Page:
Rocker Bryan Adams was "very annoyed" and "shocked" after news of his stalker hell was leaked to a British tabloid.
The singer has given evidence to the Leveson Inquiry into media standards and ethics in the U.K., describing his concern after his personal experience with a stalker hit headlines in 2008.
In a written statement, submitted this week, Adams tells how he turned to police after a male Romanian fan and his mother began harassing the singer at his London home.
Adams insists he did not discuss the incident with anyone other than his personal assistant, and suggests cops were responsible for handing the information to British newspaper The Sun.
He writes, "I was shocked to discover that news of the stalking was reported in The Sun... I had not consented to this information being made public and I was very annoyed that what I saw as a private issue was being reported without my knowledge or consent."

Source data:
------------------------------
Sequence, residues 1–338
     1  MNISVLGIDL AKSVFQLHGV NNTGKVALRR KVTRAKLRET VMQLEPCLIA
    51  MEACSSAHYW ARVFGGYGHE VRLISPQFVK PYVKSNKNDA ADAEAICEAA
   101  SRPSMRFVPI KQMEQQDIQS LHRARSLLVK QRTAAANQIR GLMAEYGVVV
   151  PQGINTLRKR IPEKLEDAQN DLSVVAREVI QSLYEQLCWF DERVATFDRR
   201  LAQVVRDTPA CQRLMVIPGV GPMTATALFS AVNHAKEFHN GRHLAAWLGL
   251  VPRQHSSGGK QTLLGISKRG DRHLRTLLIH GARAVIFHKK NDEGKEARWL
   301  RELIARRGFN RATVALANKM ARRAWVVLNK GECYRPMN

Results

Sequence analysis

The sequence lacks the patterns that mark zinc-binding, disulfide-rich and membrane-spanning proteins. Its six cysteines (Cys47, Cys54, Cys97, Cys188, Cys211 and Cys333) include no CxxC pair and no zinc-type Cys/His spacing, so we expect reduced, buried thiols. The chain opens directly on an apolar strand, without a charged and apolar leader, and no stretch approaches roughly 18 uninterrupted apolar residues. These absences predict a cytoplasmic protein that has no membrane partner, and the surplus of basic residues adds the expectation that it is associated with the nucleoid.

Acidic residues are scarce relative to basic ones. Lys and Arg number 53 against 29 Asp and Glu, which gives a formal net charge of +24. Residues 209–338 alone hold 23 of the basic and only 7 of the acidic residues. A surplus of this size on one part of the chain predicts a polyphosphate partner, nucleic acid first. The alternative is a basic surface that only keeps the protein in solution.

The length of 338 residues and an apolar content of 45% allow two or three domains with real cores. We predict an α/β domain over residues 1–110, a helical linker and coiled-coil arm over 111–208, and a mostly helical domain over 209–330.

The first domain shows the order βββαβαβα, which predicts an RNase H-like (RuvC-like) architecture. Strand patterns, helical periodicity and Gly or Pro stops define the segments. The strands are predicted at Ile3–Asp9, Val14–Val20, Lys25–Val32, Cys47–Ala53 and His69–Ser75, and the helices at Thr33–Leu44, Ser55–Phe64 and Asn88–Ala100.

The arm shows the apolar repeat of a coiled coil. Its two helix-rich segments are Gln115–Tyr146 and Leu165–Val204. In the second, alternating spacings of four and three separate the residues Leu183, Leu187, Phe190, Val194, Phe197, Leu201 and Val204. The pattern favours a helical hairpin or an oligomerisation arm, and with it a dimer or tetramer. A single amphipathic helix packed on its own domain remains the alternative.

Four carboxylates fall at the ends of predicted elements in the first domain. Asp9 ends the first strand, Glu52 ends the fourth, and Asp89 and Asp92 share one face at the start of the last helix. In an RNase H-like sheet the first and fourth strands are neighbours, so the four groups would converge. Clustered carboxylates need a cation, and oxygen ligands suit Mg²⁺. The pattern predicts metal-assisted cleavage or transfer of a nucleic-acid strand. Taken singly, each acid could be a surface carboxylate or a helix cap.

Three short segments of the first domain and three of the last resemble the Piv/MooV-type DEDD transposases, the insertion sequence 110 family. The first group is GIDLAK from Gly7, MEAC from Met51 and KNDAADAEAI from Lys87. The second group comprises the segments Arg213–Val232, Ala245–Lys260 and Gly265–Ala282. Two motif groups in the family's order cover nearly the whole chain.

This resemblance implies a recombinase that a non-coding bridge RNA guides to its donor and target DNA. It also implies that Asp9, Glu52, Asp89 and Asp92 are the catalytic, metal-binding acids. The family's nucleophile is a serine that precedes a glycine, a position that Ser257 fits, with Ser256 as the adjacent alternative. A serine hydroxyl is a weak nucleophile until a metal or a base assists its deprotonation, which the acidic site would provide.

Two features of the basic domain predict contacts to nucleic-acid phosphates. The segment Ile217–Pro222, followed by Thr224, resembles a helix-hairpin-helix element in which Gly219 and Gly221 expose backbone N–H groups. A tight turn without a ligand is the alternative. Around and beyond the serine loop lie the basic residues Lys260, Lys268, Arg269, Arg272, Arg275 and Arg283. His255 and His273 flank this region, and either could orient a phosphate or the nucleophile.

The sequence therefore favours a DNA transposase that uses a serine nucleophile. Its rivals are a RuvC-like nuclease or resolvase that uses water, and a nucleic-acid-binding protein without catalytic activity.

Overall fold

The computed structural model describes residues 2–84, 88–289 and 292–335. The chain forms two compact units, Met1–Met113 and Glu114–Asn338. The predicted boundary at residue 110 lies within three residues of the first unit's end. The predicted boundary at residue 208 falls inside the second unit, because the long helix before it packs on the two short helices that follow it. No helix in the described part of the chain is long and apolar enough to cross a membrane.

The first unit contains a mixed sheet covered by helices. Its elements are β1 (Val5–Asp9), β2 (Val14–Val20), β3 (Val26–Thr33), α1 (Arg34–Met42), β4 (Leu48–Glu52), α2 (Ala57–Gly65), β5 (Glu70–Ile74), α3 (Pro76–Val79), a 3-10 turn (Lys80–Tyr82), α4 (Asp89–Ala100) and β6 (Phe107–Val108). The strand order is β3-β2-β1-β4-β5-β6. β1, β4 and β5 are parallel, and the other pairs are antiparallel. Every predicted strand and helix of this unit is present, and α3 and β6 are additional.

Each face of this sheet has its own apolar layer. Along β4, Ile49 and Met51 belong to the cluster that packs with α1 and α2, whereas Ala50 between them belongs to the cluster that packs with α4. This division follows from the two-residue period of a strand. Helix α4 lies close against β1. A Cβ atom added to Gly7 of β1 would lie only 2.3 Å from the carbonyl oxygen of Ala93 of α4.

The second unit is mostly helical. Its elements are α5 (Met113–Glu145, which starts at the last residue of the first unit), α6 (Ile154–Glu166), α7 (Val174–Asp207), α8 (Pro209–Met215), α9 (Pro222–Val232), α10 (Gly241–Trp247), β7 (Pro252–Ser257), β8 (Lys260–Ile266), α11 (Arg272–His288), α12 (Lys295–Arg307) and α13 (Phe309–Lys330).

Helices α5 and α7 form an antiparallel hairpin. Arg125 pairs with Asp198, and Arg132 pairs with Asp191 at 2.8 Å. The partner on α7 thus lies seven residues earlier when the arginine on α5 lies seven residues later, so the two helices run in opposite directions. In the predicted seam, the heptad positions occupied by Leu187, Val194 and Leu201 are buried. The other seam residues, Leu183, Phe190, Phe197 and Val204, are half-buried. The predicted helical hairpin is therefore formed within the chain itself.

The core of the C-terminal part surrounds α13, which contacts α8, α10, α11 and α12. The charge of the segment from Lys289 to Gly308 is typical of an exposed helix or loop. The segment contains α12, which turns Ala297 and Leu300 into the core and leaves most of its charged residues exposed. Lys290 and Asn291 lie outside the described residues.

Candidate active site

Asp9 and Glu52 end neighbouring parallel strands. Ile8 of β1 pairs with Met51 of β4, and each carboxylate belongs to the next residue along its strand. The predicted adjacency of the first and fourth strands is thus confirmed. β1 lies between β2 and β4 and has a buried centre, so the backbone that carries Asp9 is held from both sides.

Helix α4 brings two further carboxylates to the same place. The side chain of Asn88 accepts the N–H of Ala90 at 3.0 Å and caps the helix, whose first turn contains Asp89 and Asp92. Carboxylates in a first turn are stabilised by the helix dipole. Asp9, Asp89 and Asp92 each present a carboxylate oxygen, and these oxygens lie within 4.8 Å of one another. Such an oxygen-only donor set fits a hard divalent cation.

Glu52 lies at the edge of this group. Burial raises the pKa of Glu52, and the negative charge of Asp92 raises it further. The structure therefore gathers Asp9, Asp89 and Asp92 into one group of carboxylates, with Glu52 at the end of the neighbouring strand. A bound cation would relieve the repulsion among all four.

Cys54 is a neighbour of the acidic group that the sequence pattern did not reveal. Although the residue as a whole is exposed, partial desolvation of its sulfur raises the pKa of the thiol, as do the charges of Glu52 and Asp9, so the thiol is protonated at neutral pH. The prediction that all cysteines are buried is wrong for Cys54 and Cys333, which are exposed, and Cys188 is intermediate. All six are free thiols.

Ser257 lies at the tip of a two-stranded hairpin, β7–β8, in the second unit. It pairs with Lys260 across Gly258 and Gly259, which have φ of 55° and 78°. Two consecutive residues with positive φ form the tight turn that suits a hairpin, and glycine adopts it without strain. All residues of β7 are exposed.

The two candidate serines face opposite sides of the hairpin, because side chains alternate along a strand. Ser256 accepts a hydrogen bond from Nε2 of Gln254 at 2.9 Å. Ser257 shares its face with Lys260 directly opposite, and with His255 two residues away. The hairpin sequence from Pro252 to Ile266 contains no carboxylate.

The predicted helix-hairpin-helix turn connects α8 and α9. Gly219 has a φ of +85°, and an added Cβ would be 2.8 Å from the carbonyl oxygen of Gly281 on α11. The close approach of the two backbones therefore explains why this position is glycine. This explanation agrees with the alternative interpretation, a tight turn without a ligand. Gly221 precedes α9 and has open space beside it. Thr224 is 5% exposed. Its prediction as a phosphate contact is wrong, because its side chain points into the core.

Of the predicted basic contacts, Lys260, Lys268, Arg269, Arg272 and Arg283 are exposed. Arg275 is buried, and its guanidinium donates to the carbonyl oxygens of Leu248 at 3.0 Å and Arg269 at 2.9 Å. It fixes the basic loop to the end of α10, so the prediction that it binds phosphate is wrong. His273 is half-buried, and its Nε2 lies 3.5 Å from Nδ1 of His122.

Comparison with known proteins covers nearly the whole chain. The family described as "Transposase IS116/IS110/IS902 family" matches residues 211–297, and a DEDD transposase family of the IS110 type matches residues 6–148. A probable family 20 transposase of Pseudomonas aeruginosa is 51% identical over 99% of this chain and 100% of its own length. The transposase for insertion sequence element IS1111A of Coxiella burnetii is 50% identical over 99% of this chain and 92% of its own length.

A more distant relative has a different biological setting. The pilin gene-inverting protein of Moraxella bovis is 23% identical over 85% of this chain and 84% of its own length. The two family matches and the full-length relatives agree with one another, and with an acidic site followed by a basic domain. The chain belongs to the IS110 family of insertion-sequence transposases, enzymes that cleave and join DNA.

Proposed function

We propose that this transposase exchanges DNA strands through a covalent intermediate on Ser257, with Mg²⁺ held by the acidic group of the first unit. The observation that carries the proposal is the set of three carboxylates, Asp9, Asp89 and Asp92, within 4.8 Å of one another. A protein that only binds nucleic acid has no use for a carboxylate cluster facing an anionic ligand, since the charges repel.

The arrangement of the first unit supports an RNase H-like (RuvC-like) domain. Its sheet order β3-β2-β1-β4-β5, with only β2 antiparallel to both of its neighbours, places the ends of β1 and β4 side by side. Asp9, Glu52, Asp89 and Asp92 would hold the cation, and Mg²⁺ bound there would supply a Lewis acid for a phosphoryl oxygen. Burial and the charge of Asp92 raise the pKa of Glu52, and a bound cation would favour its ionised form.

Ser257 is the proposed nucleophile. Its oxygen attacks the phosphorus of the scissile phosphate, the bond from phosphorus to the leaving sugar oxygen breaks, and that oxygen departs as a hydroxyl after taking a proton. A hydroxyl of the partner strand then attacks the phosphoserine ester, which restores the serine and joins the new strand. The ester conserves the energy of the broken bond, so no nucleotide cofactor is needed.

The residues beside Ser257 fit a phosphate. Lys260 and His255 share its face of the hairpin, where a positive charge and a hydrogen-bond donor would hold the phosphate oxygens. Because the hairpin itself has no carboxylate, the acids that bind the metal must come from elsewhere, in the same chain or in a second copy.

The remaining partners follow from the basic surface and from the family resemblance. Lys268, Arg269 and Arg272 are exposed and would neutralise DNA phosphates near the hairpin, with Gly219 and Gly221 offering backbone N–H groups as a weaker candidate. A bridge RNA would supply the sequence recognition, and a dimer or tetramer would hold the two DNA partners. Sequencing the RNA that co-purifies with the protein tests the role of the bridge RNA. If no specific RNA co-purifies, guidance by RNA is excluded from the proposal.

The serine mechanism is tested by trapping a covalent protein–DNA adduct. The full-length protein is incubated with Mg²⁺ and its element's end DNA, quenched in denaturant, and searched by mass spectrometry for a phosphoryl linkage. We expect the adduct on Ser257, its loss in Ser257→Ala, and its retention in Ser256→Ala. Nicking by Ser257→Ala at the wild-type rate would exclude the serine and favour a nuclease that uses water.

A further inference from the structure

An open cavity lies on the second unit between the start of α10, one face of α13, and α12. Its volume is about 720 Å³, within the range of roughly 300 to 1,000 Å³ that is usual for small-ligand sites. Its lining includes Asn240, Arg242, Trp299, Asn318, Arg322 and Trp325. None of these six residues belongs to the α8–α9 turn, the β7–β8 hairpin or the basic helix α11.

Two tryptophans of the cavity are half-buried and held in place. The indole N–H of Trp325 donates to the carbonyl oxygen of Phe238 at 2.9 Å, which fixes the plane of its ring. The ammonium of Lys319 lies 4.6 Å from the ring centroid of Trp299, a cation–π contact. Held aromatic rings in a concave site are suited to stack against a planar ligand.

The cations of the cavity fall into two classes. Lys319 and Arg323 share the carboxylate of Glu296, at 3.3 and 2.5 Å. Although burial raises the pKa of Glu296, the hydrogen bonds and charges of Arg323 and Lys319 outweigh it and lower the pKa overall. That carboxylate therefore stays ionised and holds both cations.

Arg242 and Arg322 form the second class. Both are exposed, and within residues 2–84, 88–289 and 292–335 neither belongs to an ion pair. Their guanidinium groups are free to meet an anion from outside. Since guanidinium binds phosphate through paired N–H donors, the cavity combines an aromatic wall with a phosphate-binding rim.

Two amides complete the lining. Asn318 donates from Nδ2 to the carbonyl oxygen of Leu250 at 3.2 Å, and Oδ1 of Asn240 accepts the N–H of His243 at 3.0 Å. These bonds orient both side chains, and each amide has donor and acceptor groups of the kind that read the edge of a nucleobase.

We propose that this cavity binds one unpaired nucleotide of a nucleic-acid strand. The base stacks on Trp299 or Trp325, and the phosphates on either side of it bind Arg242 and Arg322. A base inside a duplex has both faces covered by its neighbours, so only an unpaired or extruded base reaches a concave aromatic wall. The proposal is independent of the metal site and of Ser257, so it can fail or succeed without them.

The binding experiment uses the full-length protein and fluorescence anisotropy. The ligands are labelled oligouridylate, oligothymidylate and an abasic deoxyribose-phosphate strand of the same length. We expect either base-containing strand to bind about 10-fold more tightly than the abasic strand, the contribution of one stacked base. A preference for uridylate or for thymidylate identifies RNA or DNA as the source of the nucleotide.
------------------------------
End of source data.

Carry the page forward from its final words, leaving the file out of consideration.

"Although I have no proof, and therefore it is of course speculation, I do not believe that there could be any other explanation than the fact that the source must have been someone related to my call to the police."
Adams concludes by arguing that "victims of crime" should be "entitled to confidentiality."
He adds, "If information of this sort is to be released, it should be done so for proper public interest reasons, not to satisfy a desire for gossip. There should be a proper procedure so that the rights of victims of crime can be balanced against the public interest and any decision to release information can then be justified later."